Norwegian hydropower in a GHG-neutral Europe: the HydroConnect project

Hydropower is an essential part of the Norwegian energy system. The HydroConnect project is investigating whether and how Norwegian hydropower can contribute to climate protection in Europe. HydroConnect is a collaborative project of the Fraunhofer Institute for Energy Economics and Energy System Technology IEE, the Norwegian research organization SINTEF Energy Research, the Norwegian University of Science and Technology (NTNU) and the University of Trento. HydroConnect is co-funded by the Norwegian Research Council.

© Fraunhofer IEE
Fig. 1: Overview of the scenario setup in the HydroConnect project.
© Fraunhofer IEE
Fig. 2 Electricity consumption in Norway for the considered scenario variants.
© Fraunhofer IEE
Fig. 3 Change in storage levels in Norwegian hydropower reservoirs for the considered scenario variants.

A substantial expansion of variable renewable electricity generation is required to achieve the goal of climate neutrality in Europe by 2050. Therefore, European power and energy systems face several cross-border and cross-sectoral challenges, specifically in enabling this transition effectively and efficiently. For this purpose, HydroConnect analyzes the impact of Norwegian hydropower and how it can contribute to balancing variable renewable energy sources.


The role of Norwegian hydropower for climate protection

Norwegian hydropower systems have a large storage capacity in existing water reservoirs. Based on the results of the HydroBalance project and the energy system scenarios from the openENTRANCE project, HydroConnect assesses the impact of Norwegian hydropower systems on providing flexibility to the European power system. A particular focus is on greenhouse gas emissions (GHG) in Europe, electricity prices in Norway and Europe, and environmental impacts on Norwegian reservoirs and rivers. Using various scenarios for the development of the power grid and particularly interconnectors between countries, HydroConnect examines whether Norwegian hydropower can make a significant contribution to climate protection in Europe.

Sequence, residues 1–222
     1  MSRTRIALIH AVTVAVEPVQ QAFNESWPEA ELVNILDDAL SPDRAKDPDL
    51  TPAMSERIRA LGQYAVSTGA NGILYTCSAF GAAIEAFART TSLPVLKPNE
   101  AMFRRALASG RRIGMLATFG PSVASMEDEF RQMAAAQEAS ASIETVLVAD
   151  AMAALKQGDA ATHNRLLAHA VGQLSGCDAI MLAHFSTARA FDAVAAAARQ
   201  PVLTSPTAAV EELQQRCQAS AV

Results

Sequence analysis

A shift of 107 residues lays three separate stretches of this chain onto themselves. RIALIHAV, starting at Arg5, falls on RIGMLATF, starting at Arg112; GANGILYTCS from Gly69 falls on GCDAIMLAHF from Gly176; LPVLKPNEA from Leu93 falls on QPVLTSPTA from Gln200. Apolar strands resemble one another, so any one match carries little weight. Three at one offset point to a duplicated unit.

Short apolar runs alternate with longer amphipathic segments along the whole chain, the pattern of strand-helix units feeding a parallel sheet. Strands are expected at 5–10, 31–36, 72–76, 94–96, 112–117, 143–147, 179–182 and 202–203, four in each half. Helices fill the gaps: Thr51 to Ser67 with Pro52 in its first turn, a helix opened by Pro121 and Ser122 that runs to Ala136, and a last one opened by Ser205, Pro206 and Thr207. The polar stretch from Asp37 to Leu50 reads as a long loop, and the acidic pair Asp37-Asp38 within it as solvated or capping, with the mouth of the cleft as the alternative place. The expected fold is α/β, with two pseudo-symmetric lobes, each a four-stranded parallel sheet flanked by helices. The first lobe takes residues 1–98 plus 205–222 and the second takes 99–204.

Fraunhofer IEE uses its modelling and optimization tools for both medium- and long-term scenario developments. "We have used our energy system model SCOPE Scenario Development (SCOPE SD) to develop relevant European energy scenarios for Norwegian hydropower. Here, among other things, we use a detailed hydropower model and investigate different scenario variants to analyze the role of hydropower in future European energy scenarios and to consider possible uncertainties of the future," says Dr Philipp Härtel, project leader at Fraunhofer IEE.

The project team has analyzed a total of 15 different scenarios. In a medium-term scenario developed for 2030, GHG emissions are reduced by 55 per cent compared to 1990. In the long-term scenarios for 2050, Europe is modeled as a net-neutral system, implying that fewer GHG emissions are produced than absorbed by the system.

The representation of multi-reservoir hydropower systems across Europe is based on Fraunhofer IEE's internal datebase. It contains information on hydropower plants and reservoir parameters of over 850 hydropower systems in Europe. Besides plant- and reservoir-specific data, the database describes complex hydraulic connections and couplings, as well as information on cross-border market participation. Based on the detailed models at SINTEF, the parameters of hydropower systems in Norway were updated in close collaboration with our research partners.

Results offer various opportunities for further research

One of the next immediate steps in the HydroConnect project is transferring the result data from the SCOPE SD modelling framework at Fraunhofer IEE to the downstream models at SINTEF and NTNU via the openENTRANCE nomenclature. In particular, output data from SCOPE SD will be used to analyze the use of Norwegian hydropower in even greater detail using the FanSI model.

With the established model setup and linkage, it is possible to investigate new sensitivities based on the reference cases. Given the current political debate, additional sensitivities concerning offshore energy islands or future hydrogen and e-fuel import price uncertainties could be interesting avenues for future research.

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